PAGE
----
Buffalo Point Park - Buffalo National Scenic River
Arkansas Scenic Byways
Buffalo River above flood stage at Buffalo Point
The Buffalo National River is "more than just a river. The 95,730 acre park contains open farmlands, oak-hickory forests, ponds and streams, abandonded homesites, tall bluffs and box canyons." (National Park Service brochure on wild birds).
While the river is a favorite for canoe tripping, recreational floating and smallmouth bass fishing, the park surrounding the river offers great appeal to naturalists and photographers for its woodland variety, wildflowers, birds, and wild mammals. Hikers can spend several days in the park exploring 30 marked day hiking trails or connect with Ozarks backpacking trails. The trails offer a wide variety of features and difficulty. There are easy to moderate trails visiting waterfalls, caves, hardwood forests, bluff-top views, and historic pioneer settlements. There are also strenuous climbs with a 1100 foot elevation change and offering views of the highest waterfall between the Rockies and Appalachians.
The largest campground for park visitors is Buffalo Point. This camp was originally the Arkansas Buffalo River State Park developed as CCC project in the 1930s. Many of these original structures remain. Since being incorporated into the Buffalo River National Park, the campground has been expanded and modernized with shower facilities, electrical and water hookups, paved roads, and nicely landscaped tent and RV pads. Buffalo Point offers 83 drive-in campsites, 21 walk-in tent sites, 5 group sites, and 12 cabins. There is river access for canoeing, boat launching, and swimming. There are 4 varied and scenic hiking trails from the campground and two more hiking trails in the nearby Rush Creek historic district.
Our visit was in early April 2008 two weeks after a late spring 11 inch wet snowfall followed a few days later by a 10 inch two day rain. This flooded the Buffalo River valley with a torrent of rushing water that peaked at 58 feet at Buffalo Point, putting all but 22 campsites under water and raising the river level 46 feet *over* the normal flood stage level of 12 feet. One consequence of the flood was the normally clear, turquoise colored river was brown and opaque. The campsites were being repaired during our visit; the boat and canoe launch area was still under about 10 feet of water and was badly washed out so it could be a while before boats could be launched here.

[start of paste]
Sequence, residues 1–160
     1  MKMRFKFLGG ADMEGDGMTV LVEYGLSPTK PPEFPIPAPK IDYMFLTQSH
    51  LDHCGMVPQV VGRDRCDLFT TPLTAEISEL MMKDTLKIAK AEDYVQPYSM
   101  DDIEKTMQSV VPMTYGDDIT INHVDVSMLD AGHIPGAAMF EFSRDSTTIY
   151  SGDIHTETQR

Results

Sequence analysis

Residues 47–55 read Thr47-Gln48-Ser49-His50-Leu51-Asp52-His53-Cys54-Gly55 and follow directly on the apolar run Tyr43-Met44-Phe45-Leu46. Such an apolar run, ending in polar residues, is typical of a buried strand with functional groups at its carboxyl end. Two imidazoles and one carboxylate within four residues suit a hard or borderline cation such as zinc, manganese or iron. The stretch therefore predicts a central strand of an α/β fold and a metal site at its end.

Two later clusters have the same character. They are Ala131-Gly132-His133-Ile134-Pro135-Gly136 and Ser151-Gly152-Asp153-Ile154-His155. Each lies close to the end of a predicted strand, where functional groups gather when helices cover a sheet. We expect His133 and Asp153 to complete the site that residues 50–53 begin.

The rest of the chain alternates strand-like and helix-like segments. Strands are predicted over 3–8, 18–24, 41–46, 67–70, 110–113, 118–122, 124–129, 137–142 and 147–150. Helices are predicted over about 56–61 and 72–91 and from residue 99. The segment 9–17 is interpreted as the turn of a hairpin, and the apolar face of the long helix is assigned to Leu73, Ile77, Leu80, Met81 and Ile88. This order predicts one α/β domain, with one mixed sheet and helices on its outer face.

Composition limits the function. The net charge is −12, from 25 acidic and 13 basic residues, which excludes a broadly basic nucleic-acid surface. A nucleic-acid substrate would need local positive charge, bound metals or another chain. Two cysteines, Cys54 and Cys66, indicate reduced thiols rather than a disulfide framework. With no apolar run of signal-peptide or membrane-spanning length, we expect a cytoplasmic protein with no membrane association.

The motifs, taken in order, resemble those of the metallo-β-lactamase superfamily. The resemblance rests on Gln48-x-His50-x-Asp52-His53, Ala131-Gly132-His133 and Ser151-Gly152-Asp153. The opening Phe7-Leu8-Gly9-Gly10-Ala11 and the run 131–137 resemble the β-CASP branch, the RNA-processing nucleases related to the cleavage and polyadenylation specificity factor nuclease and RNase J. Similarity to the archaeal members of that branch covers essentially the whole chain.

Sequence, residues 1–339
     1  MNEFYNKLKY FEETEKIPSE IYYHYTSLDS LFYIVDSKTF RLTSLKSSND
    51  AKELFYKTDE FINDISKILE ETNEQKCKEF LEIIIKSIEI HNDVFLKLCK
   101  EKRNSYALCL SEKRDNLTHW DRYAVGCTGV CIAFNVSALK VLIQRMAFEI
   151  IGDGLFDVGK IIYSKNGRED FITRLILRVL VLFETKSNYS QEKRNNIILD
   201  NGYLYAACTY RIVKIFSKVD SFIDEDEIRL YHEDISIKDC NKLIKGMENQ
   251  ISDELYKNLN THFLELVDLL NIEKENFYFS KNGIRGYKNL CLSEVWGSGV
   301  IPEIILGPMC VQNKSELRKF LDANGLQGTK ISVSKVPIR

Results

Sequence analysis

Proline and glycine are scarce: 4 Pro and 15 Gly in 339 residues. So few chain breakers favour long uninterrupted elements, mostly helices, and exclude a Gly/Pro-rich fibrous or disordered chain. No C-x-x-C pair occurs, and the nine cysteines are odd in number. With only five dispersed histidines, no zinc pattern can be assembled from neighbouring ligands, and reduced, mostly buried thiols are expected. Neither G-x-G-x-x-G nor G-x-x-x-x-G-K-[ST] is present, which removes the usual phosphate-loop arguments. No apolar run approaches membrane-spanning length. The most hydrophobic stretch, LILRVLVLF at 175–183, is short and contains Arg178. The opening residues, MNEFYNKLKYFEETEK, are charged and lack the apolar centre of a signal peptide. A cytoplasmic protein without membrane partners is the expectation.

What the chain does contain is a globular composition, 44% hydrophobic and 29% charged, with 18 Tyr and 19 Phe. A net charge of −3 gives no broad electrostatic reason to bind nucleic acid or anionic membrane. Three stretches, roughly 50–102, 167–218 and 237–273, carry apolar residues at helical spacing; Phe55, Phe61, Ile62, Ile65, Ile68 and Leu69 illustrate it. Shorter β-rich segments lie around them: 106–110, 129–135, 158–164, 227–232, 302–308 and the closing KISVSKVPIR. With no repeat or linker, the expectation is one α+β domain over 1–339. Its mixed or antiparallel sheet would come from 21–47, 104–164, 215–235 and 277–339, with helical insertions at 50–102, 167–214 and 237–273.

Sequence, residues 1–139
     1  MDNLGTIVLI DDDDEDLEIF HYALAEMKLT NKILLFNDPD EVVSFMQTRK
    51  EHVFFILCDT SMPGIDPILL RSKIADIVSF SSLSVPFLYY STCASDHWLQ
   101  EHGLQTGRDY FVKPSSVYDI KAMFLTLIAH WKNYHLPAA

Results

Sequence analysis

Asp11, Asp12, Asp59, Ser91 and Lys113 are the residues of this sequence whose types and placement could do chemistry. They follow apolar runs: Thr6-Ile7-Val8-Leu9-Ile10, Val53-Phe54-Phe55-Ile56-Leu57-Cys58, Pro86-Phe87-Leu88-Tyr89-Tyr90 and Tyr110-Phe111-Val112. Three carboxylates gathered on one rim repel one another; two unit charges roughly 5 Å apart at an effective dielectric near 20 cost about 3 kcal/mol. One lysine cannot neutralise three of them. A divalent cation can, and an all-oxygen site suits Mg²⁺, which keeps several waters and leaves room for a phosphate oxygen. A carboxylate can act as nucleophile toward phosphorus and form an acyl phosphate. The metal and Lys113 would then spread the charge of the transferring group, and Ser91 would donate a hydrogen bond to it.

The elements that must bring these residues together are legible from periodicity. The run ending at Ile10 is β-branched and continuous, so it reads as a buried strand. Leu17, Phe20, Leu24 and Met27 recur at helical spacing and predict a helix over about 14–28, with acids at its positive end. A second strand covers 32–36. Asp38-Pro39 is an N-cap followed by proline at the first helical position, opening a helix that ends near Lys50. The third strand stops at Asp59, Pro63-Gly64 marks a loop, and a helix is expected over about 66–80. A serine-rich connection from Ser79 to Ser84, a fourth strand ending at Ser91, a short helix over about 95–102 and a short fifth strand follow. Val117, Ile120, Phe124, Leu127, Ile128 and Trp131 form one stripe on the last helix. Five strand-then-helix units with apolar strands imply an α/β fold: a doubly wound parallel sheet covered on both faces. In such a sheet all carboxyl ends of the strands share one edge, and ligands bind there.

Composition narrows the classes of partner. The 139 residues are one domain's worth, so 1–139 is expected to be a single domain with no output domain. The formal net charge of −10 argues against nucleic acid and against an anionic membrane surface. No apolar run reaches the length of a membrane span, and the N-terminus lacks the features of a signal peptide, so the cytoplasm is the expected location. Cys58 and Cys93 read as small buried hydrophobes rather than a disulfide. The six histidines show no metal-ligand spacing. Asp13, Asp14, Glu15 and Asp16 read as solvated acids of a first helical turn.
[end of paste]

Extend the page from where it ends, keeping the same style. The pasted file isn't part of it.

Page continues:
Some of the campsites are two-tiered with a car or RV parking area above and the picnic table, grill, and tent pad below.
< < < One of the campsites that was under water two weeks ago and now overflowing with a foot of sand! Normally this site is 25 - 30 feet above the water level - but not two weeks prior.
Scenic Drives & Byways
Lake Superior Circle Tour, Part 1. & Circle Tour Part 2. -
Minnesota, Wisconsin, Upper Peninsula, and Ontario
Great River Road Scenic Byway, Part 1. - Galena, Illinois to
Prairie Du Chien, Wisconsin
Prairie Du Chien, WI
Great River Road Scenic Drive, Part 2. - LaCrosse, Wisconsin to
La Crosse, WI
Fall Color Train
Great River Road, Part 3. - Winona, Wabasha to Red Wing, Minnesota
Red Wing, MN
Ozarks Mountains Scenic Drives - Ozarks National Forest Scenic Drives
and Scenic Highway 7
Arkansas Ozarks Scenic 7 Byway
Mountain View, Arkansas
Hot Springs, AR and Hot Springs National Park
Buffalo National River and Buffalo River National Park